The intended purpose* of the SMS smoking cessation system is to provide tailored SMS-based smoking cessation support to its users. According to preliminary research submitted, the system facilitates self-management of smoking cessation and increases the likelihood of user adherence to smoking cessation programs. The interactive system claims to be capable of answering messages about craving to support the user.

1.5 Reusable neonatal suction system
The intended purpose* of the reusable neonatal suction system is to remove obstructive mucus from the air passages in newborn infants to reduce the risk of asphyxia and to support neonatal resuscitation. The device is claimed to be reusable and capable of being cleaned and boiled between uses. The device is claimed to be made of durable silicone and not to require electric power.

1.6 Fluorescence visualization system for cancer screening
The intended purpose* of the fluorescence visualization system for cancer screening is to use the natural fluorescence of mucosal tissues when excited by a violet/blue light, to inform clinicians about the presence of abnormalities in the mucosa in the oral cavity. This system could aid in the early detection of oral/oropharyngeal cancers and thereby reduce morbidity and mortality associated with these diseases.

1.7 Transcutaneous bilirubin measurement system
The intended purpose* of the transcutaneous bilirubin measurement system is to provide an alternative to blood sample analysis for the diagnosis of hyperbilirubinaemia in newborn infants. The system uses spectral analysis of light reflected from the patient’s vascular bed to determine levels of bilirubin in the blood. The device is claimed to be non-invasive and to rapidly give a read-out.

1.8 Isothermal nucleic acid amplification system for tuberculosis diagnosis
The intended purpose* of the isothermal nucleic acid amplification system for tuberculosis diagnosis is to offer a point-of-care alternative to sputum smear microscopy for the diagnosis of tuberculosis. The technology is claimed not to require any additional equipment and to yield a rapid visual read out of the diagnostic result.

Selected technolgies category 2: non-commercialized/-isable stage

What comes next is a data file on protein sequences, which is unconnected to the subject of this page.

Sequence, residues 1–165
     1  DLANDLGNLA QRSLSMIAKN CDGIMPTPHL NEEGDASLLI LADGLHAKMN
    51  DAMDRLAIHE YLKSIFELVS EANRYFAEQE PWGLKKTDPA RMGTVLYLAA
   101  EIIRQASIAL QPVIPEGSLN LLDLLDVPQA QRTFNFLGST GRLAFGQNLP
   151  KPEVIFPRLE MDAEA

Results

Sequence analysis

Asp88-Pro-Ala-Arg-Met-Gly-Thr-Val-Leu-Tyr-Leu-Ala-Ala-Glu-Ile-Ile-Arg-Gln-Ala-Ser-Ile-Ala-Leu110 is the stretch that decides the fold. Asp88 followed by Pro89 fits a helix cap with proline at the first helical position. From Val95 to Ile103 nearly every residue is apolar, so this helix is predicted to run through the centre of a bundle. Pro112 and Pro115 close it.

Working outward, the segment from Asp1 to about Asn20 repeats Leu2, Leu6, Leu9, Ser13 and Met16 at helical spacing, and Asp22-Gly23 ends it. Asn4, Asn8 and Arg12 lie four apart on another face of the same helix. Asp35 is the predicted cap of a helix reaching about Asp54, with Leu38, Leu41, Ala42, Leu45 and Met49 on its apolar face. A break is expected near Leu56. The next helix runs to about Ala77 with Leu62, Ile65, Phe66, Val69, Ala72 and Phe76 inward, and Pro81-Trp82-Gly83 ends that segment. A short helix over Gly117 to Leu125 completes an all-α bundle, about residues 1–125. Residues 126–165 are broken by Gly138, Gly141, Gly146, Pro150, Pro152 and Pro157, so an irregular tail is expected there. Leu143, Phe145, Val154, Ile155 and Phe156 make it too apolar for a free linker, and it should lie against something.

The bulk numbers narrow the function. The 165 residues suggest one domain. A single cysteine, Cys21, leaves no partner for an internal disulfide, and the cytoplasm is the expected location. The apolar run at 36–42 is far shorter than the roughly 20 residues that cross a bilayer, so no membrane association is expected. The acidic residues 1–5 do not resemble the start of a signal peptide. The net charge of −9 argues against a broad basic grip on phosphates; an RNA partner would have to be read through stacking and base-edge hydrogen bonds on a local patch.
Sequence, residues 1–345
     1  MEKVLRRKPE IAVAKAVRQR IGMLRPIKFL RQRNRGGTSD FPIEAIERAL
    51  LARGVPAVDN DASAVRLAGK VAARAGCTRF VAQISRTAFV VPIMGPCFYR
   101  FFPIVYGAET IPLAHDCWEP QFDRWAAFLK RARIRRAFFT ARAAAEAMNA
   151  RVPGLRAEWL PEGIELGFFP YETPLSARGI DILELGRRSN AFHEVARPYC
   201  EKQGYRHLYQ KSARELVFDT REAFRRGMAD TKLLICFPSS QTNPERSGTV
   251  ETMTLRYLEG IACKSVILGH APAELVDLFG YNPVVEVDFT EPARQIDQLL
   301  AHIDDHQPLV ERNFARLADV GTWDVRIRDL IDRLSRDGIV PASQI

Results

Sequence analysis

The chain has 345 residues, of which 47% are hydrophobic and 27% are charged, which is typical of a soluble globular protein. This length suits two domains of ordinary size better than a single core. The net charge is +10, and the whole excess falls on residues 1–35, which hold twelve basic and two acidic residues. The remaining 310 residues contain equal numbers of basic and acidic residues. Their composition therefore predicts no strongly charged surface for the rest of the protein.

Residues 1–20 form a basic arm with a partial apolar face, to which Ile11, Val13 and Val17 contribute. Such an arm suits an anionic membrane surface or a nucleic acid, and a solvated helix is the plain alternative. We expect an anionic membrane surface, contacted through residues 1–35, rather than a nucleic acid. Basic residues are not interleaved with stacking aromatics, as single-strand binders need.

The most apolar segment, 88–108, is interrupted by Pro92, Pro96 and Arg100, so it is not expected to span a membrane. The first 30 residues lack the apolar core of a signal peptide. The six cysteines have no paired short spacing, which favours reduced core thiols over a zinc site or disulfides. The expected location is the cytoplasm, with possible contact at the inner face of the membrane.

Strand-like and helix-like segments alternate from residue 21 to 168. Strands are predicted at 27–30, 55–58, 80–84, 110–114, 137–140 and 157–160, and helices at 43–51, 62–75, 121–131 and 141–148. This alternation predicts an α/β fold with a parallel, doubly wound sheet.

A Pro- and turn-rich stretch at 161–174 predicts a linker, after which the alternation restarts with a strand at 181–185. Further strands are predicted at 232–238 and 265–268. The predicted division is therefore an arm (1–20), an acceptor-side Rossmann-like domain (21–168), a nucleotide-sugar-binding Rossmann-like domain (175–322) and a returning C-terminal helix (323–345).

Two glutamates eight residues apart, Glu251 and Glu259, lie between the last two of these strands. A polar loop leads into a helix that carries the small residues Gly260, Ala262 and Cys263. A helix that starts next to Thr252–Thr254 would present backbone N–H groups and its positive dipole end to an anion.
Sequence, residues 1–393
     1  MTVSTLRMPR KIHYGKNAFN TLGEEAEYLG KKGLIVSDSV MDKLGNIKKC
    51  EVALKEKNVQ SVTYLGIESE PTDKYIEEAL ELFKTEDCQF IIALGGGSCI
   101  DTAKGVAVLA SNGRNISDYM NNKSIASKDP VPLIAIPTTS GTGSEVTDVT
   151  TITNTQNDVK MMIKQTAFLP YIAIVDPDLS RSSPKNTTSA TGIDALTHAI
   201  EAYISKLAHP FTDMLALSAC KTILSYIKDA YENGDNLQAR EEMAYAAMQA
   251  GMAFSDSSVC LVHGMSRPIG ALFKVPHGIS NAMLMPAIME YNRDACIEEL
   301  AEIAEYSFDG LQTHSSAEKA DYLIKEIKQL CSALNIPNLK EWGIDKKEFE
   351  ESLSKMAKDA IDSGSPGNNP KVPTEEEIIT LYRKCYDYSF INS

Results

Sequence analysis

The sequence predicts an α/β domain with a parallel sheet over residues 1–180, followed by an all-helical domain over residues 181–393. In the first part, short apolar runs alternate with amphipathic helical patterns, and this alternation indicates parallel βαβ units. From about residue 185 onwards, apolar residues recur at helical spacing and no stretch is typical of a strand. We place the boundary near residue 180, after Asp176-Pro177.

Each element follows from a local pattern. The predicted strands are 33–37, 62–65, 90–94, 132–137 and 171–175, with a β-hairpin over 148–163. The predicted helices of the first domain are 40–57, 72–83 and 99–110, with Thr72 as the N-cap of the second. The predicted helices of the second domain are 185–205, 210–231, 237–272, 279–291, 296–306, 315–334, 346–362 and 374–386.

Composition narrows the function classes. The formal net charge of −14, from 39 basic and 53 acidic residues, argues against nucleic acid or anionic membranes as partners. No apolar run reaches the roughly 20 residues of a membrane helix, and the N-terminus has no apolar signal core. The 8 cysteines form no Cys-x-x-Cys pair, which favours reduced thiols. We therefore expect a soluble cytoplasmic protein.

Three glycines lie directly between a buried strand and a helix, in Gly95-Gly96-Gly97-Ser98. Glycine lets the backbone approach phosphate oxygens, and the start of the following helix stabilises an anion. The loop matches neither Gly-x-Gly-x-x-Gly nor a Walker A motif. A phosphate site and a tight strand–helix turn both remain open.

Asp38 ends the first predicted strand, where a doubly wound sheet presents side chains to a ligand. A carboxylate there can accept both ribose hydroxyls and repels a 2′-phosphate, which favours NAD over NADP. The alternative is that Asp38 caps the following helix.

2.1 Simplified anaesthesia unit
The intended purpose* of the simplified anaesthesia unit is to function as an anaesthesia machine for surgical use in low resources settings. The device features an innovative valve system with reduced technical complexity compared to traditional devices. The device is claimed to function with oxygen from different sources, including ambient air and therefore would not require compressed oxygen.

2.2 Single use assistive vaginal delivery system
The intended purpose* of the single use assistive vaginal delivery system is to assist fetus extraction in cases of prolonged second stages of labour without having to use forceps, to use a vacuum extractor or to resort to caesarean sectioning. The lack of rigid instruments in the system is claimed to reduce the risk of injury to both mother and child.

2.3 Portable on site cell sorter and counter for HIV and malaria diagnosis
The intended purpose* of the portable on site cell sorter and counter for HIV and malaria diagnosis, a lab-on-a-chip device, is to monitor AIDS in HIV-infected people as well as blood cell alterations indicating malaria. The system appears to be a small and portable device that would allow for rapid automated screening of a blood sample for indicators of AIDS and/or malaria.

2.4 Decision support system for paediatrics HIV
The intended purpose* of the decision support system for paediatrics HIV is to move away from paper-based medical records while ensuring easy and reliable access to patient-centred information. This electronic health records system is targeted at paediatric HIV cases and is intended to aid clinical decision-making processes such as weight-based dosing support for antiretroviral drugs.

2.5 Transcutaneous anaemia monitoring system
The intended purpose* of the transcutaneous anaemia monitoring system is to screen populations for insufficient levels of haemoglobin in the blood and to carry out diagnosis of severe anaemia. The system is claimed to be based on spectrophotometric analysis. The device appears to be portable, non-invasive and is claimed to give a read-out in less than a minute.

2.6 Solar-powered autoclave
The intended purpose* of the solar-powered autoclave, is to sterilize medical instruments. It is claimed to run solely on solar power. This technology could allow sterilization of medical instruments in remote rural areas with no access to electricity and hence reduce the risk of infections associated with carrying out medical interventions with dirty equipment.

2.7 Portable infant warmer